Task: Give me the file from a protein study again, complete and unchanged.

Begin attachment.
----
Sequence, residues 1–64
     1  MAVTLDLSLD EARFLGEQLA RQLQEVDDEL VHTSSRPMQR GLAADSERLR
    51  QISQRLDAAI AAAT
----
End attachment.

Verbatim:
Sequence, residues 1–64
     1  MAVTLDLSLD EARFLGEQLA RQLQEVDDEL VHTSSRPMQR GLAADSERLR
    51  QISQRLDAAI AAAT